Romans 7:8-9 shows that even the learned Paul did not fully understand the spiritual aspects of God's law until God converted him: "But sin, taking opportunity by the commandment, produced in me all manner of evil desire. For apart from the law sin was dead. I was alive once without the law but when the commandment came, sin revived and I died." Lust is idolatry because it is serving the self despite what God says. Mere desire becomes idolatry when we willingly, through self-centered foolishness, push aside more important responsibilities to God and men to achieve what we have our hearts set on.
The apostle writes in Ephesians 2:3, "Among whom also we all once conducted ourselves in the lusts of the flesh, fulfilling the desires of the flesh and of the mind, and were by nature children of wrath, just as the others." Idolatry through lust is related directly to Satan and the cosmos he established. He accomplished this because the unconverted see little reason to hold desires in check. In fact, human nature is a perfect vehicle for expressing lust.
Because the unconverted human heart lacks a believing, understanding knowledge of God and His purpose, it relentlessly pursues its desires to serve the self at the expense of anybody in its way. As a result, the world is filled with crimes of lying, stealing, murder, rape, muggings, car-jackings, house-breakings, vandalism, Sabbath-breaking, corporate greed, and war.
In contrast, Christianity is a way of life designed to suit God's purpose: to produce godly character, to bring glory to Him through the Holy Spirit, and to bless His people with health and wealth in both physical and spiritual areas in the right measure and according to His purposes. Those who know and believe this and trust Him will hold their desires in check to please Him, thus avoiding idolatry.
Fulfill Any Desire?
Paul teaches in I Corinthians 6:9-12:
Do you not know that the unrighteous will not inherit the kingdom of God? Do not be deceived. Neither fornicators, nor idolaters, nor adulterers, nor homosexuals, nor sodomites, nor thieves, nor covetous, nor drunkards, nor revilers, nor extortioners will inherit the kingdom of God. And such were some of you. But you were washed, but you were sanctified, but you were justified in the name of the Lord Jesus and by the Spirit of our God. All things are lawful for me, but all things are not helpful. All things are lawful for me, but I will not be brought under the power of any.
How can Paul give a long list of conduct forbidden by God, and then say, "All things are lawful for me"? Does he have a special dispensation to commit sin? Can any Christian have the same privileges Paul seems to enjoy? What does he mean, "All things are lawful for me"?
First, it is helpful to understand that the phrase is better translated as, "I have permission to do anything," "I am free to do anything," or "I may do anything." This removes the strict sense of law and legality that the word "lawful" suggests. Paul is referring to our God-given free-moral agency. This liberty to sin appears in Deuteronomy 30:15-20, where God says we are free to choose either death or life, but He commands us to choose life, clearly implying that we are also free to choose death! History reveals that mankind, under the power of Satan, human nature, and this world, has overwhelmingly chosen death, becoming slaves to wrong choices.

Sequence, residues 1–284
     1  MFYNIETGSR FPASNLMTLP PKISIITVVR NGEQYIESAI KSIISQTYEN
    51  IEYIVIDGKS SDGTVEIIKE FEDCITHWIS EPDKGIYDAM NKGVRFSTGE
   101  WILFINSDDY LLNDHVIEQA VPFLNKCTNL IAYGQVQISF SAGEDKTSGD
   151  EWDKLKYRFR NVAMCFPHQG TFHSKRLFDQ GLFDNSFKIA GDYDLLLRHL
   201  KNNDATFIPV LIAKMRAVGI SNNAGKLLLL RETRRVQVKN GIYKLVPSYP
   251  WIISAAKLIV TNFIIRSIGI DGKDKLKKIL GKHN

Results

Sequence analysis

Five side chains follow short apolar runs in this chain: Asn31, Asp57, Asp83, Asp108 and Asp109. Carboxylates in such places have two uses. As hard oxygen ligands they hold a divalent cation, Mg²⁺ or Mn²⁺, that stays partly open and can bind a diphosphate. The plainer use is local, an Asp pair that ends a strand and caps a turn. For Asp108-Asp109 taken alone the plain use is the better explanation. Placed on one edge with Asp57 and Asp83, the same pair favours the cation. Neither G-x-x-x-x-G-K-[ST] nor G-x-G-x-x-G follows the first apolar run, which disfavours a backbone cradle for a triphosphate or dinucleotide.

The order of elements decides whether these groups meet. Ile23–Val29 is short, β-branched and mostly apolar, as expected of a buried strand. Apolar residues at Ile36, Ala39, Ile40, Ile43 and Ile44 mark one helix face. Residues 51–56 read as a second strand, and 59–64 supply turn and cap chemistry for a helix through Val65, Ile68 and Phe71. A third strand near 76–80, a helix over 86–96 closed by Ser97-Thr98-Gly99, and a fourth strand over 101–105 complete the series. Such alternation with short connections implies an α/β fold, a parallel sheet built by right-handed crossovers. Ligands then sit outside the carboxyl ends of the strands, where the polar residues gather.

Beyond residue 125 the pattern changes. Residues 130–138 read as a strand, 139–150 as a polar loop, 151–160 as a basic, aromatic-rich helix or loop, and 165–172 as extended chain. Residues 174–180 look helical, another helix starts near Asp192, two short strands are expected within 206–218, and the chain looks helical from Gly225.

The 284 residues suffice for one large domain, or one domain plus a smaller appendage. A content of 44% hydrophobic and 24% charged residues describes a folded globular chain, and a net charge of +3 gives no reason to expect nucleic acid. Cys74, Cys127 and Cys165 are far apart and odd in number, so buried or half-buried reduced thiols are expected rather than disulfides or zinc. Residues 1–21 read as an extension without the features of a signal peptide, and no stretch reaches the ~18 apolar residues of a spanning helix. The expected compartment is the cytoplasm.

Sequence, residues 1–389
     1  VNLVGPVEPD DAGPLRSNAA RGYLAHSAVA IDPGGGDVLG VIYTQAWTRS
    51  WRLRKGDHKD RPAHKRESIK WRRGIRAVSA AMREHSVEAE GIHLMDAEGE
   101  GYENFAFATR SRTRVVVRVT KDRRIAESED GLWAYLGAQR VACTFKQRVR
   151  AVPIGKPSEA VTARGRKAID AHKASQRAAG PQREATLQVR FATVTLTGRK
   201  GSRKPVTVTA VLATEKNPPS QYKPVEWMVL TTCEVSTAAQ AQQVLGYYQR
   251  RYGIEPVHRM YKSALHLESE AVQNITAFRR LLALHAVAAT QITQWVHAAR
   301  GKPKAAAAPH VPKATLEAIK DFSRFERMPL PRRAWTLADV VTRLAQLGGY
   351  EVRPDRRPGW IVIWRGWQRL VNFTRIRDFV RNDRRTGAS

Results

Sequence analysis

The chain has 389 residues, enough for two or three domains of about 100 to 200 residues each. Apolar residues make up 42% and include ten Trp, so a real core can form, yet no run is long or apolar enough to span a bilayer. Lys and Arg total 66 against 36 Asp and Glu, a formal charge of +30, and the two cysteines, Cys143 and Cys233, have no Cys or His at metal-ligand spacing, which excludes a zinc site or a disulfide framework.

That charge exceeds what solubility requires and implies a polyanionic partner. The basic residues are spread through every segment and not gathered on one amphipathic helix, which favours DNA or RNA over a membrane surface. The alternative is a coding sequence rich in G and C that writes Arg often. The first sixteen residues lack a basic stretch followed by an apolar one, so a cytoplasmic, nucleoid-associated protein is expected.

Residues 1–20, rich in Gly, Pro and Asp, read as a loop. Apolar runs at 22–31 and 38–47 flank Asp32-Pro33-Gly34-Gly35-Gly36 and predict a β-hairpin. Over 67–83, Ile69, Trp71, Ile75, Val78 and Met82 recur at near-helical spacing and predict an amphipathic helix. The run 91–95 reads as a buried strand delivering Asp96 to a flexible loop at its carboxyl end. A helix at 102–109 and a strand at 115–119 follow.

When God calls us, He opens our minds to our nature, the serious purpose of life, the certainty of death, and the sacrifice of Christ for us. We may freely choose to take advantage of God's offer, enter into a covenant with Him, and receive His Spirit, and He frees us from our slavery to Satan, human nature, sin, and death. This begins the process of becoming permanently free from our slavery to wrong choices. Once in this position, we can see why Paul says, in paraphrase, "As a son of God, I still have permission to do anything, but not everything is helpful, or expedient, to fulfilling God's purpose for me if I desire to fulfill the covenant and enter God's Kingdom."
He then makes the strong statement, paraphrasing verse 12, "I will not allow myself to be mastered by human nature's lustful desires. I will control myself because, otherwise, I'd just be serving myself, not God or my fellow men." I Corinthians 9:27 confirms Paul strong desire and efforts to guard himself against sin: "But I discipline my body and bring it into subjection, lest, when I have preached to others, I myself should become disqualified."
He writes in Romans 14:22-23: "Do you have faith? Have it to yourself before God. Happy is he who does not condemn himself in what he approves. But he who doubts is condemned if he eats, because he does not eat from faith; for whatever is not from faith is sin." Happy—blessed—is the person who overcomes lust, which in reality is idolatry, because it affects the way he worships God.
It is crucial that we have a conscience that does not condemn us. A great deal of guilt and self-condemnation comes from failing to live up to what we know we should do but fail to do because we are serving our own lusts. We cannot worship God with love, joy, enthusiasm, zeal, and deep devotion with a defiled conscience. In this regard, a helpful rendering of God's advice to Cain in Genesis 4:7 is, "If you do well, shall not your countenance be lifted?"
A person who really knows God through a combination of communication with Him in prayer, knowledge of Him through study, and an understanding of Him through obedience needs no material representations of Him. Such people know His truth, character, and purpose. They believe them and trust Him, and their minds are at peace.